Critical programs involving wellness and alternative discipline at Lafayette Parish schools could be compromised as the Lafayette Parish School Board considers how to reconcile the district's $23.5 million shortfall for the coming school year.

The board considered its budget page-by-page at a special meeting Thursday, where dozens of school representatives and community members filled the board room, spilling into the lobby and lingering late into the evening.

Superintendent Pat Cooper began the meeting with a statement in which he reiterated the necessity for a schools-tax referendum within two years, and he prodded the board for refusing to use the reserve and sales tax funds to make up for some of the deficit.

We're in dire straits.

“It seemed reasonable” to use the sales tax “to preserve jobs and teaching positions that would allow us to retain” lower student-teacher ratios, Cooper said.

Proposed cuts could affect nearly 300 positions by leaving 200 of them unfilled and 100 of them cut entirely.

"I don't think any of this stuff can be sugar coated," Cooper said. "We're in dire straits."

Some of the positions on the chopping block include assistant principals, instructional strategists, school resource and safety officers — which wouldn't be eliminated from D-rated schools — and 17 of the district's 33 social workers.

Cutting social workers “will take us back to numbers we have not seen in two decades,” said Bradley Cruice, director of health and wellness. “This will directly and negatively impact every student and every classroom."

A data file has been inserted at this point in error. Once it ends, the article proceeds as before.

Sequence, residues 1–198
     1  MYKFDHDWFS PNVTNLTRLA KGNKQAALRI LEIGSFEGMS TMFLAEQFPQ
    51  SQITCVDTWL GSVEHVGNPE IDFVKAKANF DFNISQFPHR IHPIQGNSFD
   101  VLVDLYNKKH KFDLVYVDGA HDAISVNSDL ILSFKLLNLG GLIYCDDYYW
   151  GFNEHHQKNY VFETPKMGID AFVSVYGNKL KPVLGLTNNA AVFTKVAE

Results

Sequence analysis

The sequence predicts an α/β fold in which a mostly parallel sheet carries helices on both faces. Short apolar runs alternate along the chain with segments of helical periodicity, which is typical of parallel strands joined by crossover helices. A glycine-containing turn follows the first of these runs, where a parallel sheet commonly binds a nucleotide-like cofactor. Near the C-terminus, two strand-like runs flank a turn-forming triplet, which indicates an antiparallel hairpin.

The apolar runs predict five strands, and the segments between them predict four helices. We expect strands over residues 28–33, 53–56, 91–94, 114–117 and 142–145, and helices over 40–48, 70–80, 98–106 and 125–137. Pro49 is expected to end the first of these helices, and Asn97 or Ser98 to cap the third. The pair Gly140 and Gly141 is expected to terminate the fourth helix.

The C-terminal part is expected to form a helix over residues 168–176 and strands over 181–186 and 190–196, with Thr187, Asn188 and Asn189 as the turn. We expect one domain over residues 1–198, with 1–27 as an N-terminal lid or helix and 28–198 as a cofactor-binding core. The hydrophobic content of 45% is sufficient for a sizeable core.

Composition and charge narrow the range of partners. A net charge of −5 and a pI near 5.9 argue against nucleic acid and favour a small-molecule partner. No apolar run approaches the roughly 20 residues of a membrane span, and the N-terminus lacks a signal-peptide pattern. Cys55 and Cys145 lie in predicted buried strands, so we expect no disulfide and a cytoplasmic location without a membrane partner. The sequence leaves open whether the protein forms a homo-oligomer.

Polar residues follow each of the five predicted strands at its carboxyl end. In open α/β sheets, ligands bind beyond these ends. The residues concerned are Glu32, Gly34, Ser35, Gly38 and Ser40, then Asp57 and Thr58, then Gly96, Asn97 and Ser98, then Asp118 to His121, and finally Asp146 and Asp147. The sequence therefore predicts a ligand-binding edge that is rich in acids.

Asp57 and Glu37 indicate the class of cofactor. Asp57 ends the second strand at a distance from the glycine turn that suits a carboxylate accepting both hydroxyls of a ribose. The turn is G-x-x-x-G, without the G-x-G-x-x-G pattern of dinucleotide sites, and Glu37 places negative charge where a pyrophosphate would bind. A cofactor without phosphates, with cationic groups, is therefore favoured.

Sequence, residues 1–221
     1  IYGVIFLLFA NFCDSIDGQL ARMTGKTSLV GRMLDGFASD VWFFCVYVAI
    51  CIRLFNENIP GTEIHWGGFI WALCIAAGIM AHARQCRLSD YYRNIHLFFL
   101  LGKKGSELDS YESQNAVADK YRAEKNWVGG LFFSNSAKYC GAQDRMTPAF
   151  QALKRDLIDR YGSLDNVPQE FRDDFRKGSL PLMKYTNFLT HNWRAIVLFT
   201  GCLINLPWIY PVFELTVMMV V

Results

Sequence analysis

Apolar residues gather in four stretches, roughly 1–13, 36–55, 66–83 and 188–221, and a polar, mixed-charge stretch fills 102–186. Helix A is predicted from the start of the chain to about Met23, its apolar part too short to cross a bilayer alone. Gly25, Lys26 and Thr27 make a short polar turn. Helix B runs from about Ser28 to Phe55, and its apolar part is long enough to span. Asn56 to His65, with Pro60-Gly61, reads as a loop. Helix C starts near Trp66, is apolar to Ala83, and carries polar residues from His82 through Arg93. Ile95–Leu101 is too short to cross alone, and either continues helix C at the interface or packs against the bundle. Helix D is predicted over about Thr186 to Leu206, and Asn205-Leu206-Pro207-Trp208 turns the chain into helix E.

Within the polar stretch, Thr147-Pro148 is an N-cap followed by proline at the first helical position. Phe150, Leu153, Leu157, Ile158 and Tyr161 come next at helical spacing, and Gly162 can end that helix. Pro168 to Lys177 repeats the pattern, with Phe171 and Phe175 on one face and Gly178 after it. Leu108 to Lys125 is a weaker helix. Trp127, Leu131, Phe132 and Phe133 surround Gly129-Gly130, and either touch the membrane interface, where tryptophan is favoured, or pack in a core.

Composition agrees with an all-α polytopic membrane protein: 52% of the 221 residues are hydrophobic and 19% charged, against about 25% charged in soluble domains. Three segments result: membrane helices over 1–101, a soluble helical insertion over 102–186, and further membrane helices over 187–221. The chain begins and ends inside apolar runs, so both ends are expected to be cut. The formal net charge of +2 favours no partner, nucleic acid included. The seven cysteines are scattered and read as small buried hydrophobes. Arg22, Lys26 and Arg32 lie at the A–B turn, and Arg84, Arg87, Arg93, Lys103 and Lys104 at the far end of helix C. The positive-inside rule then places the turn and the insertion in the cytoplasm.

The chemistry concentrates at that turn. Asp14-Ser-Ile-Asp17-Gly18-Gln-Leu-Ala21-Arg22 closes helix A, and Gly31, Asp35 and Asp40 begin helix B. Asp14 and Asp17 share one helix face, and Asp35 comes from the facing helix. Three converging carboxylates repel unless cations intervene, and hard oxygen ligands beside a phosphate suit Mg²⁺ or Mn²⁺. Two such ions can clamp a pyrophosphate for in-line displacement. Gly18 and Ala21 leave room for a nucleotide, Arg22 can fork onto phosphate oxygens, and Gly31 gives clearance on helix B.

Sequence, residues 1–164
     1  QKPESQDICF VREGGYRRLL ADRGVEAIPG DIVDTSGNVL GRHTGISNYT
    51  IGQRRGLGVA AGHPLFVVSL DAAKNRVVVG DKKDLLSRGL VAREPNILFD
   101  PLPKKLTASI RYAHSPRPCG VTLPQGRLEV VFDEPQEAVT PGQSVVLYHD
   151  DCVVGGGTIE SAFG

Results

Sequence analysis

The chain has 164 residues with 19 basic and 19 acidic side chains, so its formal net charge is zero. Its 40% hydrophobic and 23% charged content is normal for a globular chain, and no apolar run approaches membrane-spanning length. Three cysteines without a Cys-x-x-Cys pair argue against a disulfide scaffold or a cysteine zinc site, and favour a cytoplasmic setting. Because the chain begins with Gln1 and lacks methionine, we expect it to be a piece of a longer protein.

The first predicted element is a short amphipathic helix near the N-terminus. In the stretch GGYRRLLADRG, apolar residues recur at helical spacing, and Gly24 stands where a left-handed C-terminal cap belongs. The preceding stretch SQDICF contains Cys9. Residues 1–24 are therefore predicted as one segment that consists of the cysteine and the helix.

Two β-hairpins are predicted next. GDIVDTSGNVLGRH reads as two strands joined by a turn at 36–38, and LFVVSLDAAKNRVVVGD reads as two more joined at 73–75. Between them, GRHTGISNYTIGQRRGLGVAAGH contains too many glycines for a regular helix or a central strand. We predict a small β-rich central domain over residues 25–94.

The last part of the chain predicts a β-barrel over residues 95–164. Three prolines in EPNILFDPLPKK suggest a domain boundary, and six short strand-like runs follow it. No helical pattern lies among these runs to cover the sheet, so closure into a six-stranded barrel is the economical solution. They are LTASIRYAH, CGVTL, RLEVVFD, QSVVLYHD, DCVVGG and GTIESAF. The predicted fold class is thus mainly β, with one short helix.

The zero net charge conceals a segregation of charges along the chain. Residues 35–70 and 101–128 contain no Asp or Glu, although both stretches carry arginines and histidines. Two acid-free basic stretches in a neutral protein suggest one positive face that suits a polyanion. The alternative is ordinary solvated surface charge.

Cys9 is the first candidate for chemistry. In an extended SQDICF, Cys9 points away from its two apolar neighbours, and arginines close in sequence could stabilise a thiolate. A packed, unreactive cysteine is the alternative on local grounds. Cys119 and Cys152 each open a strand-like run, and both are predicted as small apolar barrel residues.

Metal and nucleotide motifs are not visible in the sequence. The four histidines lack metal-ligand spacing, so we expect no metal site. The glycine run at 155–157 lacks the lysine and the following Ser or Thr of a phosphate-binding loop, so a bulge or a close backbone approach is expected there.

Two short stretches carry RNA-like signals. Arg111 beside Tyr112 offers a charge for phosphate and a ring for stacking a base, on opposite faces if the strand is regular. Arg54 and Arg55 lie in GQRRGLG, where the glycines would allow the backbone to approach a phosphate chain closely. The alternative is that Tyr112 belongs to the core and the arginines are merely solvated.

Cruice said his department has increased services by 60 percent in the last year without increasing staffing needs. The proposed cuts could impact 4,000 direct services and 15,000 indirect services, he said.

Another program at risk is AMIkids, a partnership between the school district, Lafayette Consolidated Government and the Lafayette Parish Sheriff's Office that targets at-risk students with severe behavioral and discipline problems.

Under the district's "Turnaround Plan," students are sent to the AMIkids program at N.P. Moss rather than face total expulsion from the school system.

Sheriff Mike Neustrom showed up at the meeting to speak in favor of keeping the program. He said it would be a tax-saving maneuver for the public, as it helps keep at-risk youth from turning into career criminals.

“It’s very expensive once a person gets to the age of adulthood,” Neustrom said.

About $10 million could be recovered by increasing the teacher-student ratios in both regular and special education classrooms. That number could go as high as 33-to-1 in the district's A, B and C schools.

Some cuts suggested by the board included nixing the board's travel, dues and subscription budget, along with the district's public relations arm and cell-phone reimbursements for the employees who receive them.

A new budget timeline presented Thursday gives the board until August 4 to present a budget proposal for public inspection.

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